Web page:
The Situation on the Ground (with Squirrels)

Digging in the dirt
Stay with me I need support
I’m digging in the dirt
Find the places I got hurt . . . . —Peter Gabriel, Digging in the Dirt

Golden-mantled Ground Squirrel, Beaver Meadows, Rocky Mountain National Park, Colorado
Golden-mantled Ground Squirrel, Beaver Meadows, Rocky Mountain National Park, Colorado. This curious and charming little ground squirrel is common throughout its range in the western U.S. and southern Canada. Happily, there are no known specific threats to its continued survival. Canon EOS 7DII/600mm f/4L IS (+1.4x TC). Natural light.

When  birds are not around, the bird photographer must find other critters to photograph. Often that honor falls to ground squirrels and kin! As is my usual methodology, I research the animals I encounter in the field. Just as in the case of birds, ground squirrels tell a mixed story of success and struggle in a human-dominated world.

Not surprisingly, we’ve really only seen ground squirrels that are doing pretty well (for the most part) since we haven’t yet mounted specific expeditions to see and photograph the rare and threatened ones like the Mohave, Townsend’s, or Washington ground squirrels. Make no mistake, some ground squirrels are battling for survival against many of the same menaces facing birds–habitat destruction, cats, and poisons.

Black-tailed Prairie Dog, near Roswell, New Mexico
Black-tailed Prairie Dog, near Roswell, New Mexico. Canon EOS 7D/600mm f/4L IS (+1.4x TC). Natural light.

Although technically considered a species of “least concern,” the areal extent of Black-tailed Prairie Dog colonies has fallen to about 2% of historical levels. Considered by many farmers and ranchers to be pests (Get the bazooka, Joe!), these burrowing rodents are lynchpins of their local ecology. They have many interesting ecological relationships with a variety of other organisms. Birders might be concerned about their fate given their role as prey to a variety of raptors including Red-tailed and Ferruginous Hawks and Golden Eagles. Also, Burrowing Owls will nest in prairie dog burrows (and the burrows of many other mammals, as well). In 2004, the black-tailed prairie dog was removed from consideration for endangered status based on population studies. One wonders what the level of concern would be if the range of human distribution decreased by 98% in a century and a half. I bet everyone would think everything was OK.

The rock squirrel is a suspicious fellow we see occasionally on outings in West and Central Texas and Arizona. This is a big, dark chunky squirrel that is way more timid than one would expect given its heft. Try and flush one of these characters into a pillowcase, BM! At places like Franklin Mountains State Park and Lost Maples State Natural Area, these seed-hogging marauders can often be seen emptying the bird feeders of seeds. In contrast to the prairie dog, this is not a popular squirrel among the birds—nor likely anyone maintaining a seed feeder within its range (Get the blunderbuss, Bob!).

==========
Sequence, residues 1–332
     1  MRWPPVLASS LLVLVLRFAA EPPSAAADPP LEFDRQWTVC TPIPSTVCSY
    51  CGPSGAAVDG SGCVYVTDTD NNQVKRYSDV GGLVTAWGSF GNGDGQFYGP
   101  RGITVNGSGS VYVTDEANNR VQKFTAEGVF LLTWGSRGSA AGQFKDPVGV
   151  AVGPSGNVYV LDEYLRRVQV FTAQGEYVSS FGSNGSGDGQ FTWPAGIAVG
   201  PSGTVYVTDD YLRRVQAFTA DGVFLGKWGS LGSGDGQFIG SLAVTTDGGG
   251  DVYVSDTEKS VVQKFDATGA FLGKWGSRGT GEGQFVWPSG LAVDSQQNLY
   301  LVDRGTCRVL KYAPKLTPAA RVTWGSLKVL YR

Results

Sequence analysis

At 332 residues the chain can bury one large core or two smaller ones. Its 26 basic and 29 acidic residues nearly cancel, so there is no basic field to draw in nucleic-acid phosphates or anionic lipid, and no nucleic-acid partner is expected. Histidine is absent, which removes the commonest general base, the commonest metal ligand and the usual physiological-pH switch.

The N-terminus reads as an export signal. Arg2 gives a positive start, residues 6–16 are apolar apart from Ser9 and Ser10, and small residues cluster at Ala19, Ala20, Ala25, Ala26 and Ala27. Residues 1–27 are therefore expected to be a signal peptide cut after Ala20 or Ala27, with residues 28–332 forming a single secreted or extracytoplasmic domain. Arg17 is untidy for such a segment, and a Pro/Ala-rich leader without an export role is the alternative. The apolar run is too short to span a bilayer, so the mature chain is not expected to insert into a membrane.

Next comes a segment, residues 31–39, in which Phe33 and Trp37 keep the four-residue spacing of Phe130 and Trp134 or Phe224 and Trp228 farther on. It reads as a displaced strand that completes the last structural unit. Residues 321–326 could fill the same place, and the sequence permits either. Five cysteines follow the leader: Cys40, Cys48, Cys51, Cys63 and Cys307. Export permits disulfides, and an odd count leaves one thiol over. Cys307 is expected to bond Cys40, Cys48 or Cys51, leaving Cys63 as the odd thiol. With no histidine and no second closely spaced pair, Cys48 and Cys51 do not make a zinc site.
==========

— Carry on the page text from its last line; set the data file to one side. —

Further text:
Rock Squirrel, Arizona Sonora Desert Museum, Tucson, Arizona
Think what you will of me: I am serene (For now. As long as you stay there. And don’t move). Rock Squirrel, Arizona Sonora Desert Museum, Tucson, Arizona. This squirrel is showing me his hands so I know that he is unarmed. Canon EOS 7D/600mm f/4L IS (+1.4x TC). Natural light.

Although relatively little is known about its ecology, the Uinta ground squirrel is easy to spot at Yellowstone National Park. There are no known threats to its survival, especially since a big chunk of its limited range falls within that park in Idaho, Montana, and Wyoming. These critters are considered by some farmers to be agricultural pests (Arm photon torpedoes, Scotty!) because of their unforgivable tendency to dig and root up plants.

Now that we’ve seen quite a few species of squirrel, tree and ground, I have started paying more attention to them. When in a strange place, I’ve stopped assuming every squirrel I’ve seen is a common species (or subspecies) I’ve seen a hundred times before. For example, turns out a patch of habitat we bird occasionally (Cave Creek, Arizona) is home to the Mexican fox squirrel. Maybe next time I’ll capture a nice image of this cheeky critter!

Uinta Ground Squirrel, Yellowstone National Park, Wyoming
“Get yer finger offa the trigger, amigo! I’m keepin’ my hands where you can see ’em!” Uinta Ground Squirrel, Yellowstone National Park, Wyoming. Canon EOS 7D/500mm f/4L IS (+1.4x TC). Natural light.

©2017 Christopher R. Cunningham. All rights reserved. No text or images may be duplicated or distributed without permission.